B. A food composition suitable for rodents such as chinchillas, guinea pigs and dwarf rabbits to eat or nibble on may be made by mixing alfalfa meal, soybean meal, ground beet pulp, ground oats, wheat bran, dried whey, ground corn, soybean oil, methionine hydroxy analogue, Brewer's yeast, Vitamin A acetate, Vitamin B-1 (thiamine), B-2 (riboflavin), B-6 (pyridoxine), B-12 (cobalamin), calcium pantothenate, Vitamin C (ascorbic acid), Vitamin D-2 (cholecalciferol), Vitamin D-3 (ergocalciferol), Vitamin E (tocopherol), Vitamin K (phylloquinone), biotin, niacin, choline chloride, magnesium sulfate, zinc oxide, iron sulfate, copper sulfate, calcium iodate, cobalt carbonate, solium selenite, salt, propionic acid (mold inhibitor), ethoxyquin (a preservative), and lignin sulfate (binder).

C. The hollow plastic pipe from step (A) is then filled, either partially or substantially with the food composition from step (B). This can be done manually or mechanically.

D. Once filled with food composition, the plastic pipe may be dried by any suitable means, e.g., at a temperature of about 110 F. (43 C.). Preferably the drying is done in a drying room with air circulating for about 30 hours or until the filling is hard and dry. Preferably the drying is done in a drying room having good air circulation.

EXAMPLE 5 Edible Habitat Made from Rubber Tubing

An edible habitat made from rubber tubing and filled with food suitable for rodents, e.g., rabbits, to gnaw or nibble on is constructed as follows.

A. A piece of hollow rubber tubing about 18-24 inches long and about 8 inches in diameter is used as the housing for this edible habitat. The rubber tubing is cleaned and made as sterile as possible.

B. A food composition suitable for rabbits to eat or nibble on may be made by mixing alfalfa meal, barley, wheat bran with ground wheat screenings, soybean meal, cane molasses, milo, soybean oil, ground corn, methionine hydroxy analogue, Brewer's yeast, Vitamin A acetate, Vitamin B-1 (thiamine), B-2 (riboflavin), B-6 (oyridoxine), B-12 (cobalamin), calcium pantothenate, Vitamin C (ascorbic acid), Vitamin D-2 (cholecalciferol), Vitamin D-3 (ergocalciferol), Vitamin E (tocopherol), Vitamin K (phylloquinone), biotin, niacin, choline chloride, magnesium sulfate, zinc oxide, iron sulfate, copper sulfate, calcium iodate, cobalt carbonate, solium selenite, salt, propionic acid (mold inhibitor), ethoxyquin (a preservative), and lignin sulfate (binder).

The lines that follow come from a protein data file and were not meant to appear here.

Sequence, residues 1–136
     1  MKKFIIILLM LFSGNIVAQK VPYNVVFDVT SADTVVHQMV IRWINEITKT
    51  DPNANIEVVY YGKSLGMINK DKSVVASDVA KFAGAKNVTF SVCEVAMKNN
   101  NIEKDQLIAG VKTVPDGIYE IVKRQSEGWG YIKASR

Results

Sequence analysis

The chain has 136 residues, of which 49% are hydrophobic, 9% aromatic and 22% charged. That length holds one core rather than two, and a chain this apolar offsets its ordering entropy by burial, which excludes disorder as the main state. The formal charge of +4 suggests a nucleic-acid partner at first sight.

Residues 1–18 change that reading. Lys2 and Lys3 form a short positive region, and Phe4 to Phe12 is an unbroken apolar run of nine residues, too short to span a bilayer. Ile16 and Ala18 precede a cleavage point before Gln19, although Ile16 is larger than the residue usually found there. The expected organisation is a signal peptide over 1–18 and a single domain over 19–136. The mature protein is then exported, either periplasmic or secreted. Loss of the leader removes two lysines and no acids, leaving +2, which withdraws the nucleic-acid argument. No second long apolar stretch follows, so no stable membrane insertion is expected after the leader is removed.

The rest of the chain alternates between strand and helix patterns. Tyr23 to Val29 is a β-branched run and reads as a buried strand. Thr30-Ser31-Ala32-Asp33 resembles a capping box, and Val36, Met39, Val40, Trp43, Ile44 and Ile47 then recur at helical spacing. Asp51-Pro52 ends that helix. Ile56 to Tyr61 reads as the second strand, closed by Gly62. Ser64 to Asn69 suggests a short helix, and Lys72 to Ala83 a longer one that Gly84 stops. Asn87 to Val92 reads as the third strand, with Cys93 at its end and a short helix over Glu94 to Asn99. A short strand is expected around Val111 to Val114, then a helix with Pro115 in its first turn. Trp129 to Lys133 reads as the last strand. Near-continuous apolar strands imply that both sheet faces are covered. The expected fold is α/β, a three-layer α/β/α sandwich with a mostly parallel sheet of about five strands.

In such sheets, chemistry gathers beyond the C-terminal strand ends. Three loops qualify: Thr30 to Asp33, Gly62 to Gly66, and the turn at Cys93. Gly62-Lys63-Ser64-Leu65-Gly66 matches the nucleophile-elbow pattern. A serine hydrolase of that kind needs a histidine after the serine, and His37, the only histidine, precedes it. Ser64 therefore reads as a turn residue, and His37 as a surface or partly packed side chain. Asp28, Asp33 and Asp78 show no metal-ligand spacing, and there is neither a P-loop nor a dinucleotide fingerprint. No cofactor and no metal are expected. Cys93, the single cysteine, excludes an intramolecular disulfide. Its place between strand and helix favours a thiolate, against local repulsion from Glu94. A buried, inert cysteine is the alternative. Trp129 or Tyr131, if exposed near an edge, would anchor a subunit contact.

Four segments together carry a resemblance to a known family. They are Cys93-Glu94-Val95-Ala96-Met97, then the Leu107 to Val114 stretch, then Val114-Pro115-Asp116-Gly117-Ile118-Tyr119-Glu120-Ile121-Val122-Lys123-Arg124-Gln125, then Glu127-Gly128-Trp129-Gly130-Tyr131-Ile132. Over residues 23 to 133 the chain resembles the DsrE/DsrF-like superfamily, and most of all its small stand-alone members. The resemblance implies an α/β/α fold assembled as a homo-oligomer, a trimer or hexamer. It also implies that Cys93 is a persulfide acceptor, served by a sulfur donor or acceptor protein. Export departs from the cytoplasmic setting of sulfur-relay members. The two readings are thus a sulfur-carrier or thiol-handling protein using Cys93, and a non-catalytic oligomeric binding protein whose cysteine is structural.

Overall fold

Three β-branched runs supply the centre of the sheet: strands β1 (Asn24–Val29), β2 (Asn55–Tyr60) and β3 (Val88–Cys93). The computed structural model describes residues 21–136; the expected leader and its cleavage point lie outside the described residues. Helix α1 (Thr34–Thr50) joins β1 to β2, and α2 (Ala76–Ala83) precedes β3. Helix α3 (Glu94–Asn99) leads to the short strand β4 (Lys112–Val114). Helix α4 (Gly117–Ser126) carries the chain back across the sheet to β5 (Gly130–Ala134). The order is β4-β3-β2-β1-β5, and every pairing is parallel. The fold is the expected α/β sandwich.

C. The hollow rubber tubing from step (A) is then filled, either partially or substantially filly, with the food composition from step (B). This can be done manually or mechanically.

D. Once filled with food composition, the rubber tubing may be dried by any suitable means, e.g., at a temperature of about 110 F. (43 C.). Preferably the drying is done for about 30 hours, in a drying room having good air circulation.

Conclusion

Without departing from the spirit and scope of this invention, one of ordinary skill can make various changes and modifications to the invention to adapt it to various usages and conditions. As such, these changes and modifications are properly, equitably, and intended to be, within the full range of equivalence of the following claims.

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Referenced by
Citing PatentFiling datePublication dateApplicantTitle
US5423290 *Mar 7, 1994Jun 13, 1995Payne; Wesley T.Parakeet nesting facility and amusement device
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US6896924 *Sep 16, 2002May 24, 2005Angel HernandezTwo-texture pet food product
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Classifications
U.S. Classification119/51.01, 119/482, 119/416
International ClassificationA01K1/03
Cooperative ClassificationA01K1/03
European ClassificationA01K1/03
Legal Events
DateCodeEventDescription
Dec 28, 2005FPAYFee payment
Year of fee payment: 12
Dec 28, 2005SULPSurcharge for late payment
Year of fee payment: 11
Sep 14, 2005REMIMaintenance fee reminder mailed
Aug 20, 2001FPAYFee payment
Year of fee payment: 8
Jun 3, 1997FPAYFee payment
Year of fee payment: 4
Apr 6, 1992ASAssignment
Owner name: PET CENTER, INC. A CORP. OF CALIFORNIA, CALIFORNI
Free format text: ASSIGNMENT OF ASSIGNORS INTEREST.;ASSIGNOR:MOHILEF, DAVID M.;REEL/FRAME:006078/0720
Effective date: 19920324